Foreword to Spring 2011 Issue

A Sense of Proportion

The world is a challenging place at the moment. Although visitors to Vitafoods are rightly focused on the product, pricing, regulatory and marketing problems and opportunities of their industries, the bigger picture matters to us too.

The widespread unrest in the Middle East with ‘people- power’ is changing long-standing political and strategic landscapes. Unrest in Tunisia and Egypt has led to changes of government and a coalition of nations has launched air attacks on military targets in Libya. Japan is still reeling from the tragedy of the recent earthquake, the resulting tsunami and desperate attempts to control damaged nuclear facilities at Fukishima. All this, while the global economy remains fragile (if not downright depressed) following the banking and financial crises of 2008/2009. Global markets, equities and currencies are volatile as traders and governments try to map a way forward out of the confusion.

In its own small way, the food industry reflects this crux. The rapidly rising price of staple food has been blamed for triggering much of the unrest in the Middle East and raising tensions elsewhere. Increased commodity, processing and packaging costs (due to rising oil prices) are impacting prices globally with the World Bank quoting a 15% increase in food prices in the four months between October 2010 and January 2011. In the UK, food price inflation is running at a reported 6.3% and in the USA, Feeding America reported a 46% increase in the number of people in the USA needing their assistance. Record numbers of floods, typhoons and unseasonal heat-waves, whether the result of global warming or some other factor, are impacting on the size and quality of agricultural crops and reducing the availability of good farmland. And all this at a time when scientists and agronomists are trying to find ways of meeting the challenge of feeding a rising world population which will reach 7 billion this year, up from 5 billion 20 years ago.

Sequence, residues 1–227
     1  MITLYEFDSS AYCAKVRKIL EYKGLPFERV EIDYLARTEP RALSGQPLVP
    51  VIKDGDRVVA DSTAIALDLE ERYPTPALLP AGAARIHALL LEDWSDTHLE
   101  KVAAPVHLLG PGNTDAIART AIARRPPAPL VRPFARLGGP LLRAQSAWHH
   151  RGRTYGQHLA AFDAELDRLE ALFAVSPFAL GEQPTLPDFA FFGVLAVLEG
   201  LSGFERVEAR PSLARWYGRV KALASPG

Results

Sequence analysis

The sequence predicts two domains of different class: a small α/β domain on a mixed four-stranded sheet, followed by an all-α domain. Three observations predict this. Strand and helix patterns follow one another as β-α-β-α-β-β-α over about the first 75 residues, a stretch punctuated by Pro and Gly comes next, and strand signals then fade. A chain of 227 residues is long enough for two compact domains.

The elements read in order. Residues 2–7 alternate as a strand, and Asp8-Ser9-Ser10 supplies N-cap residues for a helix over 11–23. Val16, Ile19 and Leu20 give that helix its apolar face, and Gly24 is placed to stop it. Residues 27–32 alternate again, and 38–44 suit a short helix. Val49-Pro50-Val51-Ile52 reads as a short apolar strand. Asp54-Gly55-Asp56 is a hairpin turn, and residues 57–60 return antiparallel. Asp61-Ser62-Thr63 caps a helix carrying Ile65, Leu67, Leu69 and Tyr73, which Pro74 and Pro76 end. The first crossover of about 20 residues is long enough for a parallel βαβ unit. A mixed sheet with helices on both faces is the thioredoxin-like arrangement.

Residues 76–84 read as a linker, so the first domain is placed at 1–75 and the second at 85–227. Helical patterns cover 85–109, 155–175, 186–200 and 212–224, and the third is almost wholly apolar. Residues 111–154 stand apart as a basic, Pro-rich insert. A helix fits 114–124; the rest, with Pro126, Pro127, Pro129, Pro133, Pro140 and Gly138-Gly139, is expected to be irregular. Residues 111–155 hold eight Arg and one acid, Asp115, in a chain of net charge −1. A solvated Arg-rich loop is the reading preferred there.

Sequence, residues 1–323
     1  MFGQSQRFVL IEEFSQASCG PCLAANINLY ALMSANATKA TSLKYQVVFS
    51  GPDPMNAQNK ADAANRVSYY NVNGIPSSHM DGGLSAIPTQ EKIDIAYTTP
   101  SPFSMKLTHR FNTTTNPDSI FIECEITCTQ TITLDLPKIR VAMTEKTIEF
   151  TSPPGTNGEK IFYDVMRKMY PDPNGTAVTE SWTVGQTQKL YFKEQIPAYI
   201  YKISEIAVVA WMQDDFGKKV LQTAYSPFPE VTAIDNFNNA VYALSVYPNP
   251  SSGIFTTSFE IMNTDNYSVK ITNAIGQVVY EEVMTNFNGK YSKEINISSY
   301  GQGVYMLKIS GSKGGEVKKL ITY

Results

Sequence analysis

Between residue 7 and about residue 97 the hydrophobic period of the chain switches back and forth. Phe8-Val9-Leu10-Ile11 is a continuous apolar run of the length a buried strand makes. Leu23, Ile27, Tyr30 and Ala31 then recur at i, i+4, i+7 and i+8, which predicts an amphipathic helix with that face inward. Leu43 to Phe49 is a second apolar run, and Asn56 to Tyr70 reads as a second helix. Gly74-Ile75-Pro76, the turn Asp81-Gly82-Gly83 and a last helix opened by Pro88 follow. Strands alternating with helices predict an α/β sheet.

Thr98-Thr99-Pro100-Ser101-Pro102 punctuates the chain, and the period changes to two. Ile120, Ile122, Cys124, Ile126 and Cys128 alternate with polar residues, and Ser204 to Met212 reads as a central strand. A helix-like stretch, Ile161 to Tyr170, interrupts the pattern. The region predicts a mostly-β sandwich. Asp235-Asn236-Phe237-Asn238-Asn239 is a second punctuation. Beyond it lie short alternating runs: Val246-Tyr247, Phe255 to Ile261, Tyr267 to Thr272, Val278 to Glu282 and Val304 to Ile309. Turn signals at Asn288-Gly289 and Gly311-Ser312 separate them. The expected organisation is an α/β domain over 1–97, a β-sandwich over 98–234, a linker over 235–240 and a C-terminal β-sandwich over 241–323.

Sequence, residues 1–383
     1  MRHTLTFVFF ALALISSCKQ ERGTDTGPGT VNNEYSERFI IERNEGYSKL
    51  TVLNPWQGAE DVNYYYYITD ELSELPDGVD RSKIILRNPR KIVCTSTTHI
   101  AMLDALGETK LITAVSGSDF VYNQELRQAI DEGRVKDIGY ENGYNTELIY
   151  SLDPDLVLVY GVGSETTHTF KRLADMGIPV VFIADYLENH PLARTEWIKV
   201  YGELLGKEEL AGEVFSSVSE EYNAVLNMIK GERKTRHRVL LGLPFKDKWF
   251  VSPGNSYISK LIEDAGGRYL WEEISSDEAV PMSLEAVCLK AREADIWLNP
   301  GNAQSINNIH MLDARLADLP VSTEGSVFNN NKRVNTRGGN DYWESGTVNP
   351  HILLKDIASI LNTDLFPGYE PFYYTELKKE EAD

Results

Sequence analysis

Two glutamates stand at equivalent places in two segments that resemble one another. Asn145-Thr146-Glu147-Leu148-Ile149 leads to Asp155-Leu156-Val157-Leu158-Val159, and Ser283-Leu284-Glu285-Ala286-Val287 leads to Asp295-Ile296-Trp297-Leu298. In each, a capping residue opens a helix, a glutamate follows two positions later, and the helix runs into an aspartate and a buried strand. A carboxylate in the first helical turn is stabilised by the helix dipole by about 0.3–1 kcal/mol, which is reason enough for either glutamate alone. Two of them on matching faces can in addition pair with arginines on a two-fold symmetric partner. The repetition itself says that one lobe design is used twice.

With disposable income likely to fall over the next 2 or 3 years, consumers will question every expenditure. Can the cost of dietary supplements and/or the additional premium of dietary supplements or functional foods be justified when staple ingredients need to be bought and the family needs to be fed?

Industry growth plans will have to address this fundamental question by investing in good marketing. Marketing that keeps the consumer interested, informed and persuaded of the benefits and value of its products, even when budgets are tight. But here’s another problem: just as consumer budgets are likely to be at their tightest, the strictures and limitations of EFSA’s rulings will begin to apply.

Our industry’s problems are trivial in comparison to much of what is happening in the world today. But for dietary supplement and functional foods manufacturers, and their customers, the storm clouds developing over Palma (where EFSA is based) still threaten to do serious damage. Only
by working constructively and creatively will we be able to navigate our way to a healthy and profitable future.

Henry Dixon
Commercial Director, Barrett Dixon Bell